But before Prince can march out of Axe Global screaming, “I win! You lose! Nah-nany-nyah-nyah!,” an unruffled Axe offers a rundown of his own activities the previous day: It began with a sunrise meeting at SDNY with Chuck and Wendy. This scene is really to establish Axe’s “What’s in it for me?” Though I don’t think we’ve been privy to it yet because Chuck and Wendy’s pleas of “take down Prince for the good of the world” don’t do much to soften his outlook: “Like it, don’t love it,” was Axe’s overarching position for most of the conversation. Obviously, it changed at some point, but how?
Once the three move over to the Axe Global offices, that’s when the dialogue about Dunlop and how she fits into their scheme moves into coded territory:
Axe: “We have to set it up so [Governor Dunlop] does what we want.”
Chuck: “Bobby, you need to reach Dunlop, offer her whatever you can, make sure she doesn’t do the wrong thing.”
We don’t know what the “wrong thing” is in this case. Before Dunlop meets with Prince, Axe pulls out all the stops with a private dinner at Rao’s. But as I said, we’re only given morsels, not the whole entrée. In addition to delectable meatballs, Axe feeds the governor promises like “a memorable time” and “a trip to the White House.” If she does things Axe’s way.
Which is … what?
Next, Dunlop has a drink with Chuck, where she demands he explain how Axe is any different from Prince — and I don’t blame her for asking. But I like how Chuck lays out the disparity: Axe is a “self-aware monster,” but Prince is a monster who hides behind a mask of benevolence. Yeah, yeah, we know that. What we still need to know is what Axe and Chuck have planned for Dunlop, and once again, all we get in this scene is a tease: Chuck promises he can help the governor win the “long-term” game, and just as Dunlop asks him to walk her through it, we cut back to the Axe-Prince conference-room spat.
Just in time for a smug Prince to brag about his own late-night meeting with Dunlop — the flashback of which also cuts off right at the juiciest part. (She asks him what he can offer.)
Turns out the whole reason for Prince’s antagonistic visit to Axe Global is to invite Team Axe/Chuck for “peace talks.” He’s so sure he’s locked in Dunlop that he fears nothing anymore. That evening, a tense meeting occurs at the Axe Global offices, with Chuck, Axe, Taylor, Wendy, and Wags on one side. Prince, Kate, Scooter, Philip, and Bradford on the other. Even now, I feel like the vague dialogue is deliberately meant to throw the audience off:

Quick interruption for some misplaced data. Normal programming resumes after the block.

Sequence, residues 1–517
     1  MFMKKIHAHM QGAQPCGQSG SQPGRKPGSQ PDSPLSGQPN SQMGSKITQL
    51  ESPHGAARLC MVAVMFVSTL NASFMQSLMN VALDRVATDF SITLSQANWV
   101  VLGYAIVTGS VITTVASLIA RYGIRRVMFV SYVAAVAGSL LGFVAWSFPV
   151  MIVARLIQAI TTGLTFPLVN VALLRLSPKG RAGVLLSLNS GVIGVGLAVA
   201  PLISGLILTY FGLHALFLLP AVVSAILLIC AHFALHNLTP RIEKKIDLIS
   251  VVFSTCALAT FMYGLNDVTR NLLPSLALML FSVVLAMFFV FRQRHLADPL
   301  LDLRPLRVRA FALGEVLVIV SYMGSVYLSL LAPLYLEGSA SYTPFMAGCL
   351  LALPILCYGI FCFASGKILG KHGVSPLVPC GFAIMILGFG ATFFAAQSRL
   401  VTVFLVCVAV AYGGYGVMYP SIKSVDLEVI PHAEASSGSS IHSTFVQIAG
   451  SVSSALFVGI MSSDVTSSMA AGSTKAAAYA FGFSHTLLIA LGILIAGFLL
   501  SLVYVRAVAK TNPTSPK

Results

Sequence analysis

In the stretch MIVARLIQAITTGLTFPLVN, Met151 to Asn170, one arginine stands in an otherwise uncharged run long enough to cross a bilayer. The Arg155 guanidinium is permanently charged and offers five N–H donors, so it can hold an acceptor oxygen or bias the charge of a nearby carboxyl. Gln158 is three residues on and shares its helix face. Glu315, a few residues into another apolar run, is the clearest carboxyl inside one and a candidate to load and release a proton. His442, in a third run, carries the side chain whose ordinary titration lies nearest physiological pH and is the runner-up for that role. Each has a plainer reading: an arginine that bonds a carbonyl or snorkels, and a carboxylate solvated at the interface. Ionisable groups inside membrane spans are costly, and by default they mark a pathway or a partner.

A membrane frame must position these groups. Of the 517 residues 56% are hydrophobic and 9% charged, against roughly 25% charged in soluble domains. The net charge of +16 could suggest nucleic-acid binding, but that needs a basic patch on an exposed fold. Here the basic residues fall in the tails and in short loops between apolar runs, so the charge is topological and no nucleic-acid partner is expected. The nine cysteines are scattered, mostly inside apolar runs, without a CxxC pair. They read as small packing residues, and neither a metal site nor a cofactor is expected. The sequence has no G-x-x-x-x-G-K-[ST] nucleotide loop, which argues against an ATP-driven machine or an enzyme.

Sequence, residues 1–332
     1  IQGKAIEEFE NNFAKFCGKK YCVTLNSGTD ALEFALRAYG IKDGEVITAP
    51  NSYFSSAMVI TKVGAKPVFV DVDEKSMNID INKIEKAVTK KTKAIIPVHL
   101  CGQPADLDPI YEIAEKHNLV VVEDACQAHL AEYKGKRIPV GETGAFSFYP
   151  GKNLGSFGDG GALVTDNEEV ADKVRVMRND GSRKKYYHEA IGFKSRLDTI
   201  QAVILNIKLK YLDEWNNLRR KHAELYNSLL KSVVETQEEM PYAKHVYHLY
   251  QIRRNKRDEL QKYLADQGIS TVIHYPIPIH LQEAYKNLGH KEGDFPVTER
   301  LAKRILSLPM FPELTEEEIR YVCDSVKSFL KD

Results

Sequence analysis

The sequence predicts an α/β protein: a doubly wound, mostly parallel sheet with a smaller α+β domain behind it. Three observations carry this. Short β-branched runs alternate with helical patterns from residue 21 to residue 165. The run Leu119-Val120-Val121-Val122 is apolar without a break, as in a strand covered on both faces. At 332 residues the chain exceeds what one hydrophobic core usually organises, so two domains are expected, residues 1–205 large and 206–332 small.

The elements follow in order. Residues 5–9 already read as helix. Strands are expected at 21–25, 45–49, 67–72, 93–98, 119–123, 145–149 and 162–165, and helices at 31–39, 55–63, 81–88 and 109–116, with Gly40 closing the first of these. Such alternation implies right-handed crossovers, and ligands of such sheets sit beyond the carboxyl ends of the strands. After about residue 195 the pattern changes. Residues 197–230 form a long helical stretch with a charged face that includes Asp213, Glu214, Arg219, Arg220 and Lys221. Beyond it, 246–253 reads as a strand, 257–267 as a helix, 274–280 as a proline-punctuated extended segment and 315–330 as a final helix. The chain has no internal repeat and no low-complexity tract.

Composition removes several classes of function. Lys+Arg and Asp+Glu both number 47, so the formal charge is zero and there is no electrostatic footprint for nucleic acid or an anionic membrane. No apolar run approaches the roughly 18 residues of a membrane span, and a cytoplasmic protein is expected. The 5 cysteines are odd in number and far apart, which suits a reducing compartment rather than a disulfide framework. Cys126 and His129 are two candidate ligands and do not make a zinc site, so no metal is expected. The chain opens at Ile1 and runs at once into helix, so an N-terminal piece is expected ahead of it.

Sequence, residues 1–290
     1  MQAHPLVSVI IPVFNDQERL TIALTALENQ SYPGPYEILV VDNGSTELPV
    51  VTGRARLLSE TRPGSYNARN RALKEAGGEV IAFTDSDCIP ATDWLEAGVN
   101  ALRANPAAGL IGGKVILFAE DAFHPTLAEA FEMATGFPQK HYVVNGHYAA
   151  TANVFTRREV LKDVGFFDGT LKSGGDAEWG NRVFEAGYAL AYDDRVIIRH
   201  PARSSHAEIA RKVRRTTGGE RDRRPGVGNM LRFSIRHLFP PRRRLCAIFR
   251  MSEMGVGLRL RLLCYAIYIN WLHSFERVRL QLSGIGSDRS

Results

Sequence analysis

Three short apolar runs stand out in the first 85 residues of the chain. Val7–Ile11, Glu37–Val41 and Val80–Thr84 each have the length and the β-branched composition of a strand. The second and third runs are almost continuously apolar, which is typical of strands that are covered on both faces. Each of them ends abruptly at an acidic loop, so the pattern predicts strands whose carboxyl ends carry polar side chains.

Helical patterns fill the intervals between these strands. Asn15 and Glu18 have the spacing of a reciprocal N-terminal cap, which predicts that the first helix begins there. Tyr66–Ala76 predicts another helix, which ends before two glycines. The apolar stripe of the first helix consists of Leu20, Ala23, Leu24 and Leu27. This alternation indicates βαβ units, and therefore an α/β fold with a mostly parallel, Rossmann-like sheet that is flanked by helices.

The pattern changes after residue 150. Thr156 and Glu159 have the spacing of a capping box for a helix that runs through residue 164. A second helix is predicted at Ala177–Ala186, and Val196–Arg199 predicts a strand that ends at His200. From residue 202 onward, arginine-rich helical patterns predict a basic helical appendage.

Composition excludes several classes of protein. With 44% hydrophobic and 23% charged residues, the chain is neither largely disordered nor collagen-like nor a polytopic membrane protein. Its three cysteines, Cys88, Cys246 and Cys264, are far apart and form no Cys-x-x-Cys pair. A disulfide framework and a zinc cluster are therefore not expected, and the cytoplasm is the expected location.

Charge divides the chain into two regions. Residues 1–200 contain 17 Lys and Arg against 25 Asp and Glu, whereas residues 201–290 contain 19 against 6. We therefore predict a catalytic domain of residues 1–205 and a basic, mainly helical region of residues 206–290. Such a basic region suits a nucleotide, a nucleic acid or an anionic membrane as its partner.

Chuck: “You believe we’ve got Dunlop where you want her?”
Axe: “I think she’ll do exactly what we need her to.”
We still need to find out what that is!!!
Prince then opens the proceedings in the worst way possible, making triggering references to “preventing war and bloodshed on all sides” and talking about how all great presidents “dictate peace through strength.” It does feel like the Axe/Chuck side is deliberately taunting the others as part of their act, though.
When Dunlop strides in and happily announces she’s decided to join the Mike Prince ticket as his veep, everyone’s face on the Axe/Chuck side falls — but, like, dramatically. Remember how I didn’t buy Kate Sacker’s Über-bitchy attitude last week? I think they’re all faking here. Maybe not for the same reasons, but ulterior motives are certainly on the agenda.
As soon as Dunlop leaves, Prince pours salt into everyone’s wounds, saying it’s time for a “peace treaty” because he’s totally going to be president. Some peace treaty: In exchange for everyone on Team Axe/Chuck stopping their attacks on him, Prince promises not to use the power of the presidency to hurt or prosecute them. Ugh.
From where everybody sits, even the audience, in these last few minutes, Team Axe/Chuck looks utterly defeated and out of options. All five of them somberly watch MSNBC report the Prince-Dunlop news together. While back at Stately Prince Manor, Bradford triumphantly announces Prince’s name has been added to the presidential intelligence briefings list. He’s not only “minted,” he’s scored a Camp David invite.
This is just too much good news for a single character, so I’m fully suspicious of what we just saw. I think Team Axe/Chuck has Prince exactly where they want him. Besides, we still haven’t gotten the backstory on the scene that kicked this whole season off. The one where Prince tosses a vase into Wendy’s office and drops a bunch of F-bombs?
See you next week, for the last time.
• I noticed Kate was slightly weirded out that Prince had her followed when she met Amanda at the South Ferry subway station. I’m curious to see what these two are cooking up.
• I really liked Rian’s vagabonding send-off. I feel like Taylor being there to say good-bye illustrates how proud they are of Rian for getting out of the financial jungle before she lost her soul completely.